General Services Administration

General Services Administration
Seal of the General Services Administration.svg
Seal of the General Services Administration
US-GeneralServicesAdministration-Logo.svg
Logo of the General Services Administration
Flag of the General Services Administration (1973–1989).svg
Flag of the General Services Administration
Agency overview
FormedJuly 1, 1949 (1949-07-01)[1]
HeadquartersGSA Building
1800 F Street NW
Washington, D.C.
Employees11,137 (FY 2018)[2]
Annual budget$33.6 billion[3]
Agency executives
Child agencies
  • Public Buildings Service[4]
  • Federal Acquisition Service
  • Staff Offices (12)
  • Independent Offices (2)
Websitewww.gsa.gov

The General Services Administration (GSA) is an independent agency of the United States government established in 1949 to help manage and support the basic functioning of federal agencies. GSA supplies products and communications for U.S. government offices, provides transportation and office space to federal employees, and develops government-wide cost-minimizing policies and other management tasks.[6]

GSA employs about 12,000 federal workers. It has an annual operating budget of roughly $33 billion and oversees $66 billion of procurement annually. It contributes to the management of about $500 billion in U.S. federal property, divided chiefly among 8,700 owned and leased buildings and a 215,000 vehicle motor pool. Among the real estate assets it manages are the Ronald Reagan Building and International Trade Center in Washington, D.C., which is the largest U.S. federal building after the Pentagon.

GSA's business lines include the Federal Acquisition Service (FAS) and the Public Buildings Service (PBS), as well as several Staff Offices including the Office of Government-wide Policy, the Office of Small Business Utilization, and the Office of Mission Assurance. As part of FAS, GSA's Technology Transformation Services (TTS) helps federal agencies improve the delivery of information and services to the public.[7] Key initiatives include the Presidential Innovation Fellows program, 18F (includes login.gov and cloud.gov), FedRAMP, the USAGov platform (USA.gov, GobiernoUSA.gov), Data.gov, and Challenge.gov, the U.S. Web Design System, and I.T. Modernization Centers of Excellence.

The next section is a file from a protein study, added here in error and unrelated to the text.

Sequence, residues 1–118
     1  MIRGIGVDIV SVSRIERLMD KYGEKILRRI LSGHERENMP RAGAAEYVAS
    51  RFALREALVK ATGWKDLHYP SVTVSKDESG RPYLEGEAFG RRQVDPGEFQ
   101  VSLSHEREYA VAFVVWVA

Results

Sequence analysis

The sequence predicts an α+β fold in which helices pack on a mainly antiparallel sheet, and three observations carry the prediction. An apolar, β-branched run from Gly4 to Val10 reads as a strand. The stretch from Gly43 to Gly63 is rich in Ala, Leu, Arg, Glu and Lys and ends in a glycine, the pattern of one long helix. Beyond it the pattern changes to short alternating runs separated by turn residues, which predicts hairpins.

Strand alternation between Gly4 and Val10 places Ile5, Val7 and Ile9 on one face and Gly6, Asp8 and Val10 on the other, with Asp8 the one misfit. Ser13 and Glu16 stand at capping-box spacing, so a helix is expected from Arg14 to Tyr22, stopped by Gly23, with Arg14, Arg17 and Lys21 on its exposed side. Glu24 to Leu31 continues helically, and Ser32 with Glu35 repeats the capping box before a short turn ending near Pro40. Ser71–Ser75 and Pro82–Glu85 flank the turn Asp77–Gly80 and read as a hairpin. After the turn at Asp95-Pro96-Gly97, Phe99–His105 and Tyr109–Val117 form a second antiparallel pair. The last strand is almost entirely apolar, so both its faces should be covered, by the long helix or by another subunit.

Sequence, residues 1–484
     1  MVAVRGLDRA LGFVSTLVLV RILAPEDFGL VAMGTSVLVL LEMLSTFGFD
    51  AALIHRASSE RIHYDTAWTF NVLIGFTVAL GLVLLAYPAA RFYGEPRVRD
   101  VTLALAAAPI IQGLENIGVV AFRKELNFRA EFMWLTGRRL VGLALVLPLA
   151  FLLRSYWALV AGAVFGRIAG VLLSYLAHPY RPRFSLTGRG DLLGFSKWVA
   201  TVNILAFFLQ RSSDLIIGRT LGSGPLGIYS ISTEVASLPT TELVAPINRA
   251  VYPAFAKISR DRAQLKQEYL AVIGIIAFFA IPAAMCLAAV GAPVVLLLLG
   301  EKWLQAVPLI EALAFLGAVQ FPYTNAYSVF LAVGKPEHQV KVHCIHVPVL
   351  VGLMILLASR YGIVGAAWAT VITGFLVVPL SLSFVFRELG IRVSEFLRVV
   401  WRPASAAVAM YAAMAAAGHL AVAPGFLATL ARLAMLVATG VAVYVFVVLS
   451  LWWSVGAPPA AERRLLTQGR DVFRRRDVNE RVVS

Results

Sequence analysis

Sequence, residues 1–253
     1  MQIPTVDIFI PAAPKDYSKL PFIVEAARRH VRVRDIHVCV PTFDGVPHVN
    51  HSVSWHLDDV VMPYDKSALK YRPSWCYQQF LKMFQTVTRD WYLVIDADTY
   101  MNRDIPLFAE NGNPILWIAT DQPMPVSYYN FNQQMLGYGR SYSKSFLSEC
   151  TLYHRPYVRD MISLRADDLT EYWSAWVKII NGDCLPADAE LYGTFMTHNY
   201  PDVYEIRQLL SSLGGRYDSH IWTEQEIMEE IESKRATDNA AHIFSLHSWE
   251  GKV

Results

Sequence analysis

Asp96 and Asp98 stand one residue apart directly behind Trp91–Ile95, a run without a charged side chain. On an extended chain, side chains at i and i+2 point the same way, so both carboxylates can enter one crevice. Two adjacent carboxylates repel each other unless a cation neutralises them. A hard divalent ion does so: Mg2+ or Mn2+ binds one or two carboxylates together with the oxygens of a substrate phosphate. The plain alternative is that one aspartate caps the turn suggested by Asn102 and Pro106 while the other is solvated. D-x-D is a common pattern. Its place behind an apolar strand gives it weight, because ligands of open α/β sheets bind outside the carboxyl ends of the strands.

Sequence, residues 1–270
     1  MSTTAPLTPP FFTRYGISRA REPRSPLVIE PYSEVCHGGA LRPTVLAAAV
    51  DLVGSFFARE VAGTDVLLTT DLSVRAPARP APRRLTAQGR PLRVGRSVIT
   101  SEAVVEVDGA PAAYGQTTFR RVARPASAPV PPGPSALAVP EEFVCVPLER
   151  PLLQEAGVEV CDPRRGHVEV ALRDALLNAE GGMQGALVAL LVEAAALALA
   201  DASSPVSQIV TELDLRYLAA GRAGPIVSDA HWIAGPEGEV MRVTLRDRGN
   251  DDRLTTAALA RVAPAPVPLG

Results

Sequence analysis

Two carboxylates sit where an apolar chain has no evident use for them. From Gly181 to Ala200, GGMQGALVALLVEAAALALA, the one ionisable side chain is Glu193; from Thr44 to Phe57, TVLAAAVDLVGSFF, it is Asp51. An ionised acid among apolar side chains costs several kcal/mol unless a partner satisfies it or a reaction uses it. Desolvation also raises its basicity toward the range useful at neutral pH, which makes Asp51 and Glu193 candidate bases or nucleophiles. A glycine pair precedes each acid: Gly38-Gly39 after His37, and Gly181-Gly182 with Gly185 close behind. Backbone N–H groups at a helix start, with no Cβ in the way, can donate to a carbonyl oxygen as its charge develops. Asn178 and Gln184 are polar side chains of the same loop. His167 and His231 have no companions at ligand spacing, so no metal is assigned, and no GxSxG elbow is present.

GSA is a member of the Procurement G6, an informal group leading the use of framework agreements and e-procurement instruments in public procurement.

  1. ^ "A Brief History of the GSA". GSA. Archived from the original on October 10, 2019. Retrieved October 16, 2019.
  2. ^ "GSA 2018 Financial Report". GSA. Archived from the original on October 16, 2019. Retrieved October 16, 2019.
  3. ^ "GSA FY2018 Consolidated Financial Statements" (PDF). GSA. Archived (PDF) from the original on October 16, 2019. Retrieved October 16, 2019.
  4. ^ "GSA Organization". U.S. General Services Administration. January 24, 2017. Archived from the original on April 14, 2017. Retrieved April 13, 2017.
  5. ^ "GSA Deputy Administrator". GSA. Retrieved July 15, 2021.
  6. ^ "Mission and Priorities". U.S. General Services Administration. January 15, 2013. Archived from the original on February 18, 2013. Retrieved February 8, 2013.
  7. ^ "Office of Products and Programs". U.S. General Services Administration. March 16, 2017. Archived from the original on April 14, 2017. Retrieved April 13, 2017.

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